Doraemon (1986 video game)

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Doraemon
Front cover of Doraemon package.
Front cover of Doraemon package.
Developer(s) Hudson Soft
Publisher(s) Hudson Soft
Designer(s) Yukio Osato (producer)[1]
Katsuhiro Nozawa (director, story writer, programmer)[1]
Takahashi Meijin (screenplay writer)[1]
Composer(s) Jun Chikuma[1]
Platform(s) Family Computer
Release date(s) December 12, 1986
Genre(s) Action-adventure
Shoot 'em up
Mode(s) Single-player
Distribution 320kbit cartridge

Doraemon (ドラえもん lit. "Doraemon"?) is a 1986 video game software developed and published by Hudson Soft for the Nintendo Family Computer exclusively in Japan. It is based on Fujiko F. Fujio's (the pen name of Hiroshi Fujimoto) Japanese manga series of the same name, which later became an anime series and Asian franchise. It was the tenth best selling Famicom game released in 1986, selling approximately 1,150,000 copies in its lifetime.[2] It is the third game created for the Doraemon license after the versions created for the Arcadia 2001 and the Epoch Cassette Vision. Even though the game is completely playable by a player with no knowledge of Japanese, ROM translator Neokid released an English translation patch for the game.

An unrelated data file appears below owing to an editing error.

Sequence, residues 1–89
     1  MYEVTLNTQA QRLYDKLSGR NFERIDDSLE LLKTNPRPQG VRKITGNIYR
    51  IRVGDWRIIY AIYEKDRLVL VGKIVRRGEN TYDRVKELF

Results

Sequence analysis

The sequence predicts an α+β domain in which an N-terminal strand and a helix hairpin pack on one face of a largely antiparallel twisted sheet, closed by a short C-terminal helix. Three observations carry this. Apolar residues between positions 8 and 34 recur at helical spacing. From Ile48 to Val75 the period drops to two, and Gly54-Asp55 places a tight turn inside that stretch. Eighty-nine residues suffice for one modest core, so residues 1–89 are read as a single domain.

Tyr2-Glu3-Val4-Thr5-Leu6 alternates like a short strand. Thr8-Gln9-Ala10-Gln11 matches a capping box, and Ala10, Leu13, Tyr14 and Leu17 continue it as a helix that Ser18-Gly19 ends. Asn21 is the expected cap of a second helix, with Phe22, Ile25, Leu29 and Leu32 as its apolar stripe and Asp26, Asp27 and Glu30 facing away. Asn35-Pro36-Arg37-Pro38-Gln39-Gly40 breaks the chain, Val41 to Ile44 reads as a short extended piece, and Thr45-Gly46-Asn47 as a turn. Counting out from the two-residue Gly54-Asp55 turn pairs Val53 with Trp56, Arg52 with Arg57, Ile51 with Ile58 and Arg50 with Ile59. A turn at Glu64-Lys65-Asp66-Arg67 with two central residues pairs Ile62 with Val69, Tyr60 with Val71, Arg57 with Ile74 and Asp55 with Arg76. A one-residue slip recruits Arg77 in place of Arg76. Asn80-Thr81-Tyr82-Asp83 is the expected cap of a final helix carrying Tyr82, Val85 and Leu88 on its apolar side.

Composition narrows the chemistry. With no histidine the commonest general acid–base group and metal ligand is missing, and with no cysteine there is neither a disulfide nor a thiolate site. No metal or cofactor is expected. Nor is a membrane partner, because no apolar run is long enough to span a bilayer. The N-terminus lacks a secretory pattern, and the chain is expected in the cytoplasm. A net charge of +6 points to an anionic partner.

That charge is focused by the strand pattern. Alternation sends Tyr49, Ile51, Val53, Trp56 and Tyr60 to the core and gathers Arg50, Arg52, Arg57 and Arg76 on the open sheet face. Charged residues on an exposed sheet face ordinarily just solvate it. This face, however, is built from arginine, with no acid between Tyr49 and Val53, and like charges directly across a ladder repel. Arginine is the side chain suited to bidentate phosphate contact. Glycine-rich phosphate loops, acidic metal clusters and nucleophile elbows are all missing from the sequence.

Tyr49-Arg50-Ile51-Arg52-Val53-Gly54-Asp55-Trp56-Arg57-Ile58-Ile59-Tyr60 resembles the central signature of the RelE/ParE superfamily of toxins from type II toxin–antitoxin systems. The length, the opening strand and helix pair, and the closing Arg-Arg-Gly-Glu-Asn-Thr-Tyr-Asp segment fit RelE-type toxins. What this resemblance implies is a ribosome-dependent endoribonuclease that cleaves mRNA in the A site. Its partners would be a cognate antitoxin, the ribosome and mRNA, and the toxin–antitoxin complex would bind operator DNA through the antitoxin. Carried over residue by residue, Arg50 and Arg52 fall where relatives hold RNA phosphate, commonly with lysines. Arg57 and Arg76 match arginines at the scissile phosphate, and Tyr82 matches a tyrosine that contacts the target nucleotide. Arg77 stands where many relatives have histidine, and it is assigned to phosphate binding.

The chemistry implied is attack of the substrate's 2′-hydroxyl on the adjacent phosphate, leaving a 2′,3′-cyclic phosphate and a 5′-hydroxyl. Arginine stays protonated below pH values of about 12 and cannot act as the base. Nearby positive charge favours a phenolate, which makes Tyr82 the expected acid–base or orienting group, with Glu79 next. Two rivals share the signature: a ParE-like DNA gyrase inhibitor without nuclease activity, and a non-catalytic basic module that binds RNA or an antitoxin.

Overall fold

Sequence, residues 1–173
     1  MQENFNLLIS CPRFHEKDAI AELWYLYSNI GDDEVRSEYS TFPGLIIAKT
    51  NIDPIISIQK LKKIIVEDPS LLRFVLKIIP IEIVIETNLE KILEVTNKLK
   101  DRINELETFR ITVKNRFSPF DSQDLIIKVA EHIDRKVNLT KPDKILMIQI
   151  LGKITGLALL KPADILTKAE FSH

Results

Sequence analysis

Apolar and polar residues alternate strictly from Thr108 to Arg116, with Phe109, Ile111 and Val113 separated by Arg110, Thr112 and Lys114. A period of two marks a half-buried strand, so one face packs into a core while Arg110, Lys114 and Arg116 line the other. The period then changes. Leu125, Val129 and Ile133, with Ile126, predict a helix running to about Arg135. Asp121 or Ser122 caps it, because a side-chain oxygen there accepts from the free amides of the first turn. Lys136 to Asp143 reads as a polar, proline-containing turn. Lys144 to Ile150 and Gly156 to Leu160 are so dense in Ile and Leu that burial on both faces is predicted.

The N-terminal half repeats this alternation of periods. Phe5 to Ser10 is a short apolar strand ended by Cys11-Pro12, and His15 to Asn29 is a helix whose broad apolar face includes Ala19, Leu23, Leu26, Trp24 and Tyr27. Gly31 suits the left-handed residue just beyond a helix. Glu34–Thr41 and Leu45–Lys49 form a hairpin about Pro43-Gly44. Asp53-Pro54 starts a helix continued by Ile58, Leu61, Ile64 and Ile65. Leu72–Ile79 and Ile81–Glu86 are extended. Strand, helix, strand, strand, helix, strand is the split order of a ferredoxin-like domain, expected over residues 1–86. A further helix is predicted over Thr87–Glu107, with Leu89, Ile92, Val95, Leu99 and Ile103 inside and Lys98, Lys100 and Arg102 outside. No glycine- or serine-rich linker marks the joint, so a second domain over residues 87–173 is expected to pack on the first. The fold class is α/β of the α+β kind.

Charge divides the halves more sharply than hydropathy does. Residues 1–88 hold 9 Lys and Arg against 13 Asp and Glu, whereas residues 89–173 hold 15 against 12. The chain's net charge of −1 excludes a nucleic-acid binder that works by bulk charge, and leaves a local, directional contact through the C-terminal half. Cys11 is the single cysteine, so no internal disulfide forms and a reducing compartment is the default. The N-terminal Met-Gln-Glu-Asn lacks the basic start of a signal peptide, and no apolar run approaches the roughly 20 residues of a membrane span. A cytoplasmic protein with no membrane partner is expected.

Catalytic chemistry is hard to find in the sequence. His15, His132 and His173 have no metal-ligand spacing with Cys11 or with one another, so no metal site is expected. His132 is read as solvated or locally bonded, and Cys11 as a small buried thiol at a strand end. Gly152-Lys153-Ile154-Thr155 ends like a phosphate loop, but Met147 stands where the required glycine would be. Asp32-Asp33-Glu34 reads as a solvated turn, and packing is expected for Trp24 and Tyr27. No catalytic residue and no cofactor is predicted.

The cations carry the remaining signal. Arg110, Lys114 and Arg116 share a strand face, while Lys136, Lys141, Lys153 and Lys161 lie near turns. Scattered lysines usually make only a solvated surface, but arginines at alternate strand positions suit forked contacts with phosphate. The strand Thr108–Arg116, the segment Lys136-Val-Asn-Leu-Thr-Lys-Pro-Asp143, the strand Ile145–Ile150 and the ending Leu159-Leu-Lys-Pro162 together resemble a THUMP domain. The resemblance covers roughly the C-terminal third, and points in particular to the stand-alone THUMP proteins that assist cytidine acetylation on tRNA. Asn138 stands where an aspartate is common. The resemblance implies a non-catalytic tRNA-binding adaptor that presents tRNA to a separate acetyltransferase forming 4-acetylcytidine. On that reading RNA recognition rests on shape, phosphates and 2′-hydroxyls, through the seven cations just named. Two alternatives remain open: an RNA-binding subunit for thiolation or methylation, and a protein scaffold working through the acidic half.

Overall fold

Gameplay[edit]

In this game, Doraemon must travel through three different chapters in order to save his five human friends who have been kidnapped. Each world is actually a different game with its own style of genre and game play system, and was designed by a different lead designer. The first chapter is an action game that takes place in a pioneer that scrolls continuously in four directions. The second chapter is a shooter game that scrolls through the evil den automatically in both horizontal and vertical directions. The third chapter is an aquatic adventure game where each screen scrolls over to the next. Each world must be completed by defeating a boss at the end. Then the player will advance to the next chapter, until all three bosses have been vanquished. Power-ups can be obtained in each chapter to increase Doraemon's strength and health meter. One power-up from the next chapter can be found in the first two chapters to give you an advantage when you finally arrive there.

References[edit]

  1. ^ a b c d Closing credits of the Doraemon game
  2. ^ "Japan Platinum Game Chart". The Magic Box. Retrieved 2009-03-13. 

External links[edit]